Newfoundland and Labrador Premier Kathy Dunderdale says Ottawa has been trying to cut side deals with other provinces to build support for trade talks with the European Union, while excluding her province's demands from the final terms of the deal.

Dunderdale said federal officials, including Trade Minister Ed Fast, have been talking with other provinces to build broad support for the Comprehensive Economic Trade Agreement, also known as CETA, with the European Union.

"Certainly no one is coming to Newfoundland and Labrador and talking about anybody's else's position," said Dunderdale Thursday in Grand-Falls Windsor.

"And that's not acceptable, when people are wheeling and dealing. And talking about what they would accept and what they wouldn't accept. And we're excluded from that conversation."

N.L. and Ottawa at odds over fish processing requirements

On Monday, in a speech to the St. John's Board of Trade, Dunderdale said the Muskrat Falls loan guarantee nearly fell apart when Ottawa suddenly demanded the province give up the requirement that fish landed in Newfoundland and Labrador be processed there.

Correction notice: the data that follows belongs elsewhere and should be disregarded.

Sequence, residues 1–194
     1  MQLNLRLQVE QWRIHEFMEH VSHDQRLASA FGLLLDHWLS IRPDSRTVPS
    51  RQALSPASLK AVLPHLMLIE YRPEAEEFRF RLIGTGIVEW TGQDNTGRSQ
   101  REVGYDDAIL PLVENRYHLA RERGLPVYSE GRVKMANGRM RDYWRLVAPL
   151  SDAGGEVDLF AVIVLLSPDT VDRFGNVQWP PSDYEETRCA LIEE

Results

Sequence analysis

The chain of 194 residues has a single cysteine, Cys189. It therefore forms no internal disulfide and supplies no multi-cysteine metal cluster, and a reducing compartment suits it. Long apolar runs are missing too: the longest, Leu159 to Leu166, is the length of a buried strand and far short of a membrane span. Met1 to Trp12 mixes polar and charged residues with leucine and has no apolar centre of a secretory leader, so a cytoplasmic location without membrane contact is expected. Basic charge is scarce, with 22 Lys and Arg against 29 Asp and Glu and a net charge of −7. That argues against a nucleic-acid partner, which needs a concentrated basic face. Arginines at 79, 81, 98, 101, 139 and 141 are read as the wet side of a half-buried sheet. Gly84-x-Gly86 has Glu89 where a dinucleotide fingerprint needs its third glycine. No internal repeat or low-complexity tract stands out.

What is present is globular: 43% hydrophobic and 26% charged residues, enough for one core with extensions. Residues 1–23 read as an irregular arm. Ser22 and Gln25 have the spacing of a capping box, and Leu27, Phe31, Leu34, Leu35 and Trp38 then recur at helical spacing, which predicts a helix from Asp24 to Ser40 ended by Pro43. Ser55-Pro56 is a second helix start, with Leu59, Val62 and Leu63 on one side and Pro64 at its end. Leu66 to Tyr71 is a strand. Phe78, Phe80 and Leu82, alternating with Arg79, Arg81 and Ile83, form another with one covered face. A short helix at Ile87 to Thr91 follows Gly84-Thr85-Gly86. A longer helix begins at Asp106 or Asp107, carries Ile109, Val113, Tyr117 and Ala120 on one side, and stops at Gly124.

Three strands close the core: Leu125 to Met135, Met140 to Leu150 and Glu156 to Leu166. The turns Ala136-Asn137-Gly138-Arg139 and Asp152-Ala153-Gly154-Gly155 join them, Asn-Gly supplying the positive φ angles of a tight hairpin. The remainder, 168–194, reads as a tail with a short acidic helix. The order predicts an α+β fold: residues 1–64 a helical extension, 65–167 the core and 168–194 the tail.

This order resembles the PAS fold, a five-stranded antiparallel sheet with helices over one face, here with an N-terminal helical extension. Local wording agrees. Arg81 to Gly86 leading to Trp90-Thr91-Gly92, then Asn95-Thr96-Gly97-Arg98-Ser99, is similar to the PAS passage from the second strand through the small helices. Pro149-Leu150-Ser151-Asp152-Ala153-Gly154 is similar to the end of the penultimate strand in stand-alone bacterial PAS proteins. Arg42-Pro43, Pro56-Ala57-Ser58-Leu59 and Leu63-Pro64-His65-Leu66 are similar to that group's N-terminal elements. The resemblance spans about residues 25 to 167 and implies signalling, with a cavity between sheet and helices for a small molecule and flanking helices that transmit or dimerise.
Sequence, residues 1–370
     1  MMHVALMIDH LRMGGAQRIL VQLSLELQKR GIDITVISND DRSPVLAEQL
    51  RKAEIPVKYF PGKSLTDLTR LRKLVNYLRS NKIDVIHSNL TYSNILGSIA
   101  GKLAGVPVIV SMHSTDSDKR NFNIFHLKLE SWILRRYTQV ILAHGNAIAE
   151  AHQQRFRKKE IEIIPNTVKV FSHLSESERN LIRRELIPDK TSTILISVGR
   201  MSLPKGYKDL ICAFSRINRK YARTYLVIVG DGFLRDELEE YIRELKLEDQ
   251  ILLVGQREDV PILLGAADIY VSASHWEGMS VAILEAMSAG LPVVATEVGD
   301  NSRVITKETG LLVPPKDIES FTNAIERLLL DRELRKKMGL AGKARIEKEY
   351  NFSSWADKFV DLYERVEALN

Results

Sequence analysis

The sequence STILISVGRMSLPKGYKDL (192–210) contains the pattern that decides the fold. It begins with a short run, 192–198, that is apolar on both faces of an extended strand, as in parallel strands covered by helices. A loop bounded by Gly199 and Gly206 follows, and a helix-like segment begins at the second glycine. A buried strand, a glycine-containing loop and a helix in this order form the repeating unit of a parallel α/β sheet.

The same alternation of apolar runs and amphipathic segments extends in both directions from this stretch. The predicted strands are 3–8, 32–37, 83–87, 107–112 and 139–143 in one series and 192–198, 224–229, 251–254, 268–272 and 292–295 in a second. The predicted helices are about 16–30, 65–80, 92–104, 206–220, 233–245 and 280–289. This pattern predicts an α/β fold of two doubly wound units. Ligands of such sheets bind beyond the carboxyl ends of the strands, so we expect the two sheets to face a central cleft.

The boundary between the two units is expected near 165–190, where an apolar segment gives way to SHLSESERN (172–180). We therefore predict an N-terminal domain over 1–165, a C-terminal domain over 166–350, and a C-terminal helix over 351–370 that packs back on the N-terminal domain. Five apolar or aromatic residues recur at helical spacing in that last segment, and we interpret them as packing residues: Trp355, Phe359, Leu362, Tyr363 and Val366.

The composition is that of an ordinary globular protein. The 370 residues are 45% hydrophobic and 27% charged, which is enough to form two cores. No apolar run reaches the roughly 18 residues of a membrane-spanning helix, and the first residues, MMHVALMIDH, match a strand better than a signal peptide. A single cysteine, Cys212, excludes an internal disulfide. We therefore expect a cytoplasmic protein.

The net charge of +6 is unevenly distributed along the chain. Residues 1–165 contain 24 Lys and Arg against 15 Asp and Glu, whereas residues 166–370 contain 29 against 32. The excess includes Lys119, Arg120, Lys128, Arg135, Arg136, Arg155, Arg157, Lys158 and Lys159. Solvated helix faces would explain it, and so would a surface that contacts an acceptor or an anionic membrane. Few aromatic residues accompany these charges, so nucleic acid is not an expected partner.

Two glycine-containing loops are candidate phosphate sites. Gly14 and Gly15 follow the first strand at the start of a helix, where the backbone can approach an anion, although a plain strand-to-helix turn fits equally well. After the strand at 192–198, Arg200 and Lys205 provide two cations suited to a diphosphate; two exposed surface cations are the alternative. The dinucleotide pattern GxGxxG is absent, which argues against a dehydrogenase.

Dunderdale said Prime Minister Stephen Harper and his staff have raised the issue many times, repeatedly urging her to scrap minimum fish processing requirements because the Europeans are demanding it as a term of CETA.

Rudy Husny, a spokesman for the trade minister, responded in an email Thursday afternoon that "Canadian and EU negotiators are continuing to actively explore solutions to the remaining issues."

"We are committed to achieving an outcome that is in the best interests of Canadians, and opens up new opportunities for Canada’s exporters."

Husny continued,  "Our government has worked hand-in-hand with the provinces and territories since the very beginning of negotiations."

"Provinces and territories are consulted regularly, and continue to be involved with our negotiating team, in areas that fall wholly or partially under their jurisdiction."

N.L. not a lead negotiator

Newfoundland and Labrador has not been a lead negotiator in the talks, but it does have a delegation in Brussels, where the talks have been taking place.

Dunderdale said the delegation will stay at the table for now in hope that the province's interests can be protected. 

But at this point she has very little confidence that will happen.

"I mean, it questions the whole integrity of the process," said Dunderdale. 

Dunderdale received a letter from Fast late on Thursday afternoon, which she said she would study to help her determine the province's future involvement in the trade talks.